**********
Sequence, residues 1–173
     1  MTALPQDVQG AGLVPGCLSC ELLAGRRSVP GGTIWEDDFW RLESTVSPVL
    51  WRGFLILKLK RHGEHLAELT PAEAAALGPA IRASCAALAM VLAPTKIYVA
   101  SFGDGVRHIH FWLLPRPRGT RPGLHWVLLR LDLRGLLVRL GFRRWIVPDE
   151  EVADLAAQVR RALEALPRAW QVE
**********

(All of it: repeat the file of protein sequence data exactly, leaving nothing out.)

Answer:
Sequence, residues 1–173
     1  MTALPQDVQG AGLVPGCLSC ELLAGRRSVP GGTIWEDDFW RLESTVSPVL
    51  WRGFLILKLK RHGEHLAELT PAEAAALGPA IRASCAALAM VLAPTKIYVA
   101  SFGDGVRHIH FWLLPRPRGT RPGLHWVLLR LDLRGLLVRL GFRRWIVPDE
   151  EVADLAAQVR RALEALPRAW QVE